The Rolls-Royce University Technology Centre at TU Darmstadt was founded to investigate the aerodynamic and thermal interaction between combustion chamber and turbine. In a strategic partnership between science and industry, we develop new technologies for aircraft engines that will meet future economic and ecological goals.
The Rolls-Royce University Technology Centre (UTC) was established in 2006, and has since achieved valuable results in the field of the environmental performance of aero-engines. The UTC thus serves one of the core objectives of the aviation industry, which is striving to achieve stringent environmental targets by 2050 (Flightpath 2050) as part of the industry-wide research alliance ACARE (Advisory Council for Aeronautics Research in Europe).
The ambitious ACARE targets of reducing nitrogen oxides by 90 % per passenger kilometer, CO2 emissions by 75 %, and noise by 65 % are only possible through fundamental revisions in the combustion process. It is essential to take technical changes in the combustion chamber into account when designing turbines, because the temperature at the turbine inlet already exceeds the melting temperatures of the materials used. Sophisticated cooling mechanisms ensure safe turbine operation at these temperatures and enable high efficiencies and low CO2 emissions in modern aircraft engines.
This is the development environment in which the research center at the TU Darmstadt operates, where researchers are investigating new combustion technologies and their modeling on the one hand, and their effects on the turbine on the other.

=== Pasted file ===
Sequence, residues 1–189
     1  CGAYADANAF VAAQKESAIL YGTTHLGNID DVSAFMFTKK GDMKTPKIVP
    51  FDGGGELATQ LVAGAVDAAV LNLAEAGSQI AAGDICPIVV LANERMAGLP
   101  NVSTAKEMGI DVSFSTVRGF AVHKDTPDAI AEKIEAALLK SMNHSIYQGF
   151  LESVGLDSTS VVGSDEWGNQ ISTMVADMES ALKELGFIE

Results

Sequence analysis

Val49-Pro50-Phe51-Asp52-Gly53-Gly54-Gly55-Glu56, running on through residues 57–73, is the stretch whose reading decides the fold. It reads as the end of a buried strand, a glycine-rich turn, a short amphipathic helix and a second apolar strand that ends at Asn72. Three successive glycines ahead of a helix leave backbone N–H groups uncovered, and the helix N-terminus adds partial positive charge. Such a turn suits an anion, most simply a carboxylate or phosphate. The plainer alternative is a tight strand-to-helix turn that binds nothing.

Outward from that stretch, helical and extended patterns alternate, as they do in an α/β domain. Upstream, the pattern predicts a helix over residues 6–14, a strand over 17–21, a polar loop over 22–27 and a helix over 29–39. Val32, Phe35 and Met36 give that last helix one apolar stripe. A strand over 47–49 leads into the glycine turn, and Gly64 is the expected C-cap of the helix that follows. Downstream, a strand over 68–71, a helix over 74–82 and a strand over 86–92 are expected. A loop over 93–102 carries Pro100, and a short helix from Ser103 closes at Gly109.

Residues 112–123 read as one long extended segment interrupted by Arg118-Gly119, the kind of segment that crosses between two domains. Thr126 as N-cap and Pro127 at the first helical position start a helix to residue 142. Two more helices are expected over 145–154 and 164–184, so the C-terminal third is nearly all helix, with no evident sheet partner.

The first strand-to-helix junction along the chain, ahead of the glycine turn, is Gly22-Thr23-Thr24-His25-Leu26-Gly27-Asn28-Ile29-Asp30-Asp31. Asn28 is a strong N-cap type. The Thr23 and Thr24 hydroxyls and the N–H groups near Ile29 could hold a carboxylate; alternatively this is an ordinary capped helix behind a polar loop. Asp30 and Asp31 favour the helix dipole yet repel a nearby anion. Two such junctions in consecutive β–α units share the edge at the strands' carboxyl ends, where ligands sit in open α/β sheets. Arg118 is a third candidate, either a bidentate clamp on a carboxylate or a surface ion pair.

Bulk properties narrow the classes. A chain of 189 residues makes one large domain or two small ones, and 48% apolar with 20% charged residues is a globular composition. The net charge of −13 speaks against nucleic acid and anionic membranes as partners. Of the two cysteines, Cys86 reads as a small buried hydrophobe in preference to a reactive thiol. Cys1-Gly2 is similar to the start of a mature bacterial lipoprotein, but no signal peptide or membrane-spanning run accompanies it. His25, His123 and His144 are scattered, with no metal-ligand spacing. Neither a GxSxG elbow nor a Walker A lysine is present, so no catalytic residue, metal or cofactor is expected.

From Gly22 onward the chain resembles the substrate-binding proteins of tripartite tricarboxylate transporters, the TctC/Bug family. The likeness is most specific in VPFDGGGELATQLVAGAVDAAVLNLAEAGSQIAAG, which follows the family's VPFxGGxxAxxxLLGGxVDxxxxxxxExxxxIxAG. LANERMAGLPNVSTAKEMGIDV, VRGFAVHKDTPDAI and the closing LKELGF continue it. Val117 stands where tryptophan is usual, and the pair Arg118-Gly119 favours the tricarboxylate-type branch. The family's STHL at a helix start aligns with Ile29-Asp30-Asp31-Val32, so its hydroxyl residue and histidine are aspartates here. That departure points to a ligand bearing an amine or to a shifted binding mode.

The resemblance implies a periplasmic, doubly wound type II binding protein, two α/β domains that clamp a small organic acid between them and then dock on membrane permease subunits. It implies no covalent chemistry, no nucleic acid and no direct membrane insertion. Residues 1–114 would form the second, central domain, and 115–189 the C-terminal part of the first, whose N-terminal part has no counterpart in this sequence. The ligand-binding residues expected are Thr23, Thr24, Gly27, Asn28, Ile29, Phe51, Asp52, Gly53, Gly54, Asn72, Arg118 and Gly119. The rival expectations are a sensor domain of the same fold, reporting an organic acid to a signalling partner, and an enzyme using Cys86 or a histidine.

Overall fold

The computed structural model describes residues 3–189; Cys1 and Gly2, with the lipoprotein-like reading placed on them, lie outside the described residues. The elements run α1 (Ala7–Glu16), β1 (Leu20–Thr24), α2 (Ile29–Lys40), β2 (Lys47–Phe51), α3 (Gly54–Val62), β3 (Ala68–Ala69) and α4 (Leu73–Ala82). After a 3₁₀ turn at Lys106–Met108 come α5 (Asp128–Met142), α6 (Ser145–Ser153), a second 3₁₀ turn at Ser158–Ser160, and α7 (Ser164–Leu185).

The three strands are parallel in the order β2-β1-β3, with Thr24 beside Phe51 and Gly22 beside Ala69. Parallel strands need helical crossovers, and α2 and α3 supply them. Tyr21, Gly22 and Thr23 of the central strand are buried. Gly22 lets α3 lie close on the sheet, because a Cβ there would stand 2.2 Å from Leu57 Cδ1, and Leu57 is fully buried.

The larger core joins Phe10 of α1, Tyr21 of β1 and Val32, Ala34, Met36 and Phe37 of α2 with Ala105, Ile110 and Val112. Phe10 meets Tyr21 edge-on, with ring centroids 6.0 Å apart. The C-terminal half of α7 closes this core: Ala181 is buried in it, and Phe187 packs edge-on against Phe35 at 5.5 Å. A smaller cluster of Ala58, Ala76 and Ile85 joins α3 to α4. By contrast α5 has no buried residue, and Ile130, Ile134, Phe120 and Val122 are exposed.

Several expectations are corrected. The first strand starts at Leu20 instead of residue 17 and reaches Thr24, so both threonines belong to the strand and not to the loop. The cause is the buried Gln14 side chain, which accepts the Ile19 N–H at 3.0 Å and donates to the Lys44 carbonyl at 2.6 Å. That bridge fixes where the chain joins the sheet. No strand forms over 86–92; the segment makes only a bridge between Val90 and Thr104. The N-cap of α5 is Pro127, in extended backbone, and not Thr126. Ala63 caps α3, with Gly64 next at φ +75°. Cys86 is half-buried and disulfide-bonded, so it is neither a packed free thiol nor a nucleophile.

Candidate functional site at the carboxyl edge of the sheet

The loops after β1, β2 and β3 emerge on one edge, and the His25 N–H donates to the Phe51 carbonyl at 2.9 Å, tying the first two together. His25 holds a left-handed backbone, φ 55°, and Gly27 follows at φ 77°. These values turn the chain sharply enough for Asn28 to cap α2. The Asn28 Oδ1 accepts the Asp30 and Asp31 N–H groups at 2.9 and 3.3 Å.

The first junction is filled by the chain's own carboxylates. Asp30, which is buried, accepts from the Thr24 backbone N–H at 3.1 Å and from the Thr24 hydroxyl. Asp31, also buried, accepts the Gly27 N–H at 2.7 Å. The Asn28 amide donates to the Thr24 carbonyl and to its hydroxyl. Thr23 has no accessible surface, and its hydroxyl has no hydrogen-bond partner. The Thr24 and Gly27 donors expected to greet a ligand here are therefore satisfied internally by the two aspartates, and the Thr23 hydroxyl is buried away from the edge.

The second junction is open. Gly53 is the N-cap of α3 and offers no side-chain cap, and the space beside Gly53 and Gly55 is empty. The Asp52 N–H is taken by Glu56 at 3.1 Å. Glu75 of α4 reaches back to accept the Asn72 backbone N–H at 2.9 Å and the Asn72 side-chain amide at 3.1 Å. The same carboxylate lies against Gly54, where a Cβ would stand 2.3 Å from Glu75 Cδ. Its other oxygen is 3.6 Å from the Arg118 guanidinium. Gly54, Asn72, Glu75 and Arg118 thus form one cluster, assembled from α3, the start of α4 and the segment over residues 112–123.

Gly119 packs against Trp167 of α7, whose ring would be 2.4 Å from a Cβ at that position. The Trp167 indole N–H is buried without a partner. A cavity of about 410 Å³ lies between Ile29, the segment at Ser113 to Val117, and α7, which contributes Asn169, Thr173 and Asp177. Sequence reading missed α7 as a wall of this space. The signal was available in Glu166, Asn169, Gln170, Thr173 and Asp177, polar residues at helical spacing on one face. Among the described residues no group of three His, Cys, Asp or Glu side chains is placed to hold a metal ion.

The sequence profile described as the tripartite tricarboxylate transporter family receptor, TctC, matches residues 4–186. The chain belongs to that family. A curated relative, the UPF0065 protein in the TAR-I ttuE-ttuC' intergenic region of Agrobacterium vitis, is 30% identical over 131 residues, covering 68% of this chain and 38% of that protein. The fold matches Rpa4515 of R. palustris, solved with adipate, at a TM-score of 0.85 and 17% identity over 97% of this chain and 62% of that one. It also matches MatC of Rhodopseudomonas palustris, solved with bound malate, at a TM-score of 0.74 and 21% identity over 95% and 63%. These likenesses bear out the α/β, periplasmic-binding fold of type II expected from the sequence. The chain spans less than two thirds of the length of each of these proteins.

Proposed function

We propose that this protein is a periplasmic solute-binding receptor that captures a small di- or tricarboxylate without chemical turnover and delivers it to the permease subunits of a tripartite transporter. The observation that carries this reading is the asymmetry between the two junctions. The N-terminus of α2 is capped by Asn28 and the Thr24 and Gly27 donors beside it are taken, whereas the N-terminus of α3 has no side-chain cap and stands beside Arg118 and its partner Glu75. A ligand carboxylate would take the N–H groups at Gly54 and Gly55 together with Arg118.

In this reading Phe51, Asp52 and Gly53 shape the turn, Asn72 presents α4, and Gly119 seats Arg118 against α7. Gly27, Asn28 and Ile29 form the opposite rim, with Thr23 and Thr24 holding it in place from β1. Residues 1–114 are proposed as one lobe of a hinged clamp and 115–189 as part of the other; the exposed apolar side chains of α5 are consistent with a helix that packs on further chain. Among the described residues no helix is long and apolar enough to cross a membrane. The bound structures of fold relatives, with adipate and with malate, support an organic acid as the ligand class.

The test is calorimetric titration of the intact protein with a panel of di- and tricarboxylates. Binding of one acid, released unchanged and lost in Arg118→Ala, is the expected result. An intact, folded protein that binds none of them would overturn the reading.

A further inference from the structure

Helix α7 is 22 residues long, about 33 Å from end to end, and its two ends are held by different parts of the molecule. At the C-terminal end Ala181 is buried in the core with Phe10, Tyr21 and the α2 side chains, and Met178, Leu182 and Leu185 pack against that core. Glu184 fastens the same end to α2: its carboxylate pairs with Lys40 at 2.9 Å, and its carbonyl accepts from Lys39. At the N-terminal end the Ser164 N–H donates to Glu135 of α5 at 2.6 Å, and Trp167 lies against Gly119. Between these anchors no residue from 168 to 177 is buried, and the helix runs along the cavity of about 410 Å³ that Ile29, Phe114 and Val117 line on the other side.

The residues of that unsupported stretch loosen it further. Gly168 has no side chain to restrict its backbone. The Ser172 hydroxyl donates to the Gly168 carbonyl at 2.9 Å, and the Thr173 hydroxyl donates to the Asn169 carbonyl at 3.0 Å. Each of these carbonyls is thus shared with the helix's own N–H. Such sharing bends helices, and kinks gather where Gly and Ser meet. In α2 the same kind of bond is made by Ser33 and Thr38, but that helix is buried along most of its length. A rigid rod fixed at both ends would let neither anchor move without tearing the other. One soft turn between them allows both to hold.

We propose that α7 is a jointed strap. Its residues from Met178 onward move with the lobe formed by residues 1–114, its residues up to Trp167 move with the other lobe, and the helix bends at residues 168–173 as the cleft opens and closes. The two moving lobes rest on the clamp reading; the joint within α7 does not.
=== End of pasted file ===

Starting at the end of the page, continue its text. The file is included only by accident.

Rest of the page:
At TU Darmstadt, scientists from three institutes contribute to the research in aero-engines with the industry partner Rolls-Royce Deutschland.
The UTC is directed by Prof. Heinz-Peter Schiffer (Institute of Gas Turbines and Aerospace Propulsion, (opens in new tab)). Additionally, the heads of institute Prof. Christian Hasse (Institute of Simulation of reactive Thermo-Fluid Systems, GLR (opens in new tab)) and Prof. Andreas Dreizler (Institute of Reactive Flows and Diagnostics, STFS (opens in new tab)) and their teams contribute to the success of the cooperation. RSM
Together, the institutes provide significant knowledge in the areas of experimental measurements and investigations of combustion processes (RSM) and the compressor and turbine stage (GLR), as well as numerical counterparts for combustion modeling (STFS) and fluid flow simulations of compressor and turbine (GLR).